Wednesday, April 29, 2009
Monday, April 27, 2009
Swine Flu explained by CG critters.
I feel better already. Seriously.
"Now, if you excuse me, I will be going to by ammo for my shotgun"
UPDATE: I realized I should probably provide some non-animated info.
Swine Flu: What You Need to Know. Via Wired
The Beautiful Word – Ogilvy & Mather (Paris) produced animated vids for Scrabble's 60th Anniversary.
More, here, and here.
I tweeted this earlier today, but realized that I have some followers here at WTF (that I don't have on Twitter and that may not even glance over there on the left to check out Fresh Tweets) that would appreciate these.
Saturday, April 25, 2009
What appears to be an epic, single 2:19 long take of a frozen moment during a Dark Knight-inspired heist gone bad.
Created by Stink Digital for Philips' new "cinema proportion" HDTVs. You can see them – as well as the film in HD – here.
Today a friend tweeted the link to this fan-produced video for Trader Joe's. It – and a hint of Summer heat today – made me want to hear the Brazilian classic that inspired the parody. And while I'm about a month late, I thought I'd share before Spring comes and goes.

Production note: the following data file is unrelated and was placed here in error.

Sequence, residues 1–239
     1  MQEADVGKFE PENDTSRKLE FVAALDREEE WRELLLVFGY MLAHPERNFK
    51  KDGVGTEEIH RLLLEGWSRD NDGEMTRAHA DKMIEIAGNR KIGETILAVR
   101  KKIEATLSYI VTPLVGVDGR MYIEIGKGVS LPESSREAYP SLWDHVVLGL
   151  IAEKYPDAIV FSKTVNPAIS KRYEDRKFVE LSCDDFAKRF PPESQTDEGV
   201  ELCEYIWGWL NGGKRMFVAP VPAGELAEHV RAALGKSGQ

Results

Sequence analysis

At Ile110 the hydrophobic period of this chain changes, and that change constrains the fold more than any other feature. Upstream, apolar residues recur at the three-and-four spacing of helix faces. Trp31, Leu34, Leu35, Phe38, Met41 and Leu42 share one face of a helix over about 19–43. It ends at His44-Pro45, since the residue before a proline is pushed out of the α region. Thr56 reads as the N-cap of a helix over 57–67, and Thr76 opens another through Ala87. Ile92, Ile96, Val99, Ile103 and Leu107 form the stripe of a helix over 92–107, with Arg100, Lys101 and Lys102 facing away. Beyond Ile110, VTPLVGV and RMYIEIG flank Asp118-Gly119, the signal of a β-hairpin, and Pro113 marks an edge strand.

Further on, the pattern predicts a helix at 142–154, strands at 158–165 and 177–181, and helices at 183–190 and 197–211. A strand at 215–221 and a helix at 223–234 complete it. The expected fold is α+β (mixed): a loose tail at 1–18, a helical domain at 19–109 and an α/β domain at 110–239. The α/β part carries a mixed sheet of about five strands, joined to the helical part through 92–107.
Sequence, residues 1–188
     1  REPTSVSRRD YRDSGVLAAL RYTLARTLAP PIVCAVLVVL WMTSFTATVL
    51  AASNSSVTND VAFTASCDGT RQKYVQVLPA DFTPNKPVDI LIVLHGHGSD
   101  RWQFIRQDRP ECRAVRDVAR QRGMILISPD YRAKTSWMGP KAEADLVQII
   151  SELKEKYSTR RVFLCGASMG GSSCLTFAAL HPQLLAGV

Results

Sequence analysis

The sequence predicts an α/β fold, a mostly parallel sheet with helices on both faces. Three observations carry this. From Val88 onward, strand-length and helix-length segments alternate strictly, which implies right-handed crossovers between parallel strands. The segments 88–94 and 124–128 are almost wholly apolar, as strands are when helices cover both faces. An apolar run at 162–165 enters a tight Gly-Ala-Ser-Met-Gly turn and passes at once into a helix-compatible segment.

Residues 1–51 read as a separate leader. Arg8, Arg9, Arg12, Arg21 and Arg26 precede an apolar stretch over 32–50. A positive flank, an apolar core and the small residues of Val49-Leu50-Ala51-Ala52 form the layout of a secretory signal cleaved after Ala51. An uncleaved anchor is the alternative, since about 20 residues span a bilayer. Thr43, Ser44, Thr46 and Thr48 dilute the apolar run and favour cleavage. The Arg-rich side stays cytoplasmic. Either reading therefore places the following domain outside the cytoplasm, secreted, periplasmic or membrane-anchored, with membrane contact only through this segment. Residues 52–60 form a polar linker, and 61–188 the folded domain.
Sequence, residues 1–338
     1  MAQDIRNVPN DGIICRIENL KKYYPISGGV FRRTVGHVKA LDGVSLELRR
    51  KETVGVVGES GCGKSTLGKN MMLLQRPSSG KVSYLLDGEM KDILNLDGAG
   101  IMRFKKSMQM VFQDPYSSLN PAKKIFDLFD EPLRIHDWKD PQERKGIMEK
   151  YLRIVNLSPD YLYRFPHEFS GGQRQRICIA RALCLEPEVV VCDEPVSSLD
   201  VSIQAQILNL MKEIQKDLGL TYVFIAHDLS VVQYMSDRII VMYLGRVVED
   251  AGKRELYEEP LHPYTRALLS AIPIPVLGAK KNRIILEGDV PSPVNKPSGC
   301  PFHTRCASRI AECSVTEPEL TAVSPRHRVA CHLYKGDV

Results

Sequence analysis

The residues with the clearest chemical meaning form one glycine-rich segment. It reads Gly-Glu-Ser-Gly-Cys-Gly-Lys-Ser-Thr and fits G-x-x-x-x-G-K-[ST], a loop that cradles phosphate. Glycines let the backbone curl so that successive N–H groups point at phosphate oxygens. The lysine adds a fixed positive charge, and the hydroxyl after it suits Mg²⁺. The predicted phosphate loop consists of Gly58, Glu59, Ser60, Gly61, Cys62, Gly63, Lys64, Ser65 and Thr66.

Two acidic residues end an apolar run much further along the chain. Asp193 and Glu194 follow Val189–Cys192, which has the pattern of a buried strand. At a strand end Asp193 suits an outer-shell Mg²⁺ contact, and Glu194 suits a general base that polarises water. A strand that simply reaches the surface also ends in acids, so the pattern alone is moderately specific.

Also, If Hol and I have a song, Águas de Março is it. Specifically Susannah McCorkle's Waters of March. We even took private dance lessons to learn how to waltz in a square to it without embarrassing ourselves at our wedding reception.
Thursday, April 23, 2009
ToneMatrix is – in creator André Michelle's words, a "simple sinewave synthesizer triggered by an ordinary 16-step sequencer."
In my words: It's a simple 16x16 grid of clickable squares – each producing a unique tone. Clicking them "on" or "off" builds a simple, looping musical composition.
It's more engaging than either of us make it sound. Check it.
Wednesday, April 22, 2009
British photographer, Stuart Pilkington has organized fifty photographers (one in each of the fifty states) to take one picture every two months on a different subject. The first assignment "People" is up now at the 50 States Project. It's a compelling – sometimes surprising – look at the state of the states.